Backing Board: this is just an acid-free board that will go behind the artwork. Necessary for original works, not as much for prints. Any acid-free illustration board or cardstock will do, as long as it's not too thick (like foamcore boards.) Make sure it is the same size as your mat/frame.
Photo Frame: Now that you have your mat, it’s time to find a frame that works with both the mat and the picture. Most home/art/craft/framing stores have a good variety to choose from. First, you’ll want to know what size you need. This will be either the mat’s outer size, or the print’s size if you’re not using a mat. The most common frame sizes are 5 x 7 inches, 8 x 10 inches, and 11 x 14 inches. Most of my prints and original pieces are 8 x 10 inches, which makes it easy to find a frame for. Mat sizes are typically one size up from the picture size, so an 8 x 10 picture will need an 11x 14 mat and an 11 x 14 frame. Pick a frame that looks good with your art color-wise and thematically. Does it want a shiny frame? A rustic wood frame? An antiqued surface? Classic black? The options are many, but beware cheap quality. Avoid the obviously plastic frames, and if you can’t decide if a frame looks too cheap, tap it with your nail. The sound it makes will help you decide. Also be sure to check the back to see if it has the appropriate hardware for the way you want to display it (wall hanging or table top.)
Got everything? Let's get started then!
Attaching the Mat
Find a clean surface to work on. Lay your mat face side down, and your artwork on top, also face side down. Center the artwork as best you can on the mat. If you’re feeling confident you’ve got it exactly centered, skip to the tape part. If you’re not sure and would rather be precise, grab that ruler, pencil, and some scratch paper. We’re going to do some simple math.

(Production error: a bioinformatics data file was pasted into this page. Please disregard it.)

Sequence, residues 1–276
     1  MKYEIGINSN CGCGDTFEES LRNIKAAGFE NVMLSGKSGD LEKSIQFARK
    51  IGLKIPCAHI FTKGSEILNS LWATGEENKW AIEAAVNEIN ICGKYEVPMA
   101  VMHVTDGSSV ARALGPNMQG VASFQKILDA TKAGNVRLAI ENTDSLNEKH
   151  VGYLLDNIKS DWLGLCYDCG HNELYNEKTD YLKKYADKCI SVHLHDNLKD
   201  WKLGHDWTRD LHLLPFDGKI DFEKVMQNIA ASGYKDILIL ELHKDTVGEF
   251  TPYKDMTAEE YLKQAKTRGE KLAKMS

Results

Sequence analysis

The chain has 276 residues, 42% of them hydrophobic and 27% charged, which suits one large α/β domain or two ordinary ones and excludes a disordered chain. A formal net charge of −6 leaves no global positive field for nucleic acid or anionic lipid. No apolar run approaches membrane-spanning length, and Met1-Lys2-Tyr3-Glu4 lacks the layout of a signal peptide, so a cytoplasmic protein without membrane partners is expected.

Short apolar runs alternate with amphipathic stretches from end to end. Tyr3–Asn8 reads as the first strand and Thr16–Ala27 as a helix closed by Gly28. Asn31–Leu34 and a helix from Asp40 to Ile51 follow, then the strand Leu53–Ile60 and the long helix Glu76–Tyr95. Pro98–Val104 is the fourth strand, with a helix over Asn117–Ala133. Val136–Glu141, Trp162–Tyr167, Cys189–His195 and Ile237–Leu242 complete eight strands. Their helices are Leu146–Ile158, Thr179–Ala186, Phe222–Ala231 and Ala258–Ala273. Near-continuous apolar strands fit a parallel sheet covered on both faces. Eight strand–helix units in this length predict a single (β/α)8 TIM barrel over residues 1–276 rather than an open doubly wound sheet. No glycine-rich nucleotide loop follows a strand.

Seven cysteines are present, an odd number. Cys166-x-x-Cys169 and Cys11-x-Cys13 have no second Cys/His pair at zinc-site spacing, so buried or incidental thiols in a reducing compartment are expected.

Measure the top length of the mat (A)
Measure the top length of the artwork (B)
A minus B = C
C divided by 2 = D
Take your D number and using the ruler, mark that length in from each side of the mat where you took the A length. Do the same on the opposite edge. Connect these marks vertically with the ruler and pencil. Repeat this process on the other two sides, and you should have a square marked out that fits your artwork exactly.
Line up the artwork, face side down, in the guide box you've just draw, and attach with a small strip of framer's tape along the top edge of the artwork. You don't want to seal it with tape along all four sides because the paper should have the freedom to expand a bit if the atmospheric conditions cause it to.
Flip the mat over to check that the image is straight and that any signs of borders/edges are covered by the mat. Reposition as needed. Once it's perfect, set it aside on another clean table. The next step involves some rubbing alcohol, and you don't want any of that getting on your artwork!
Preparing the frame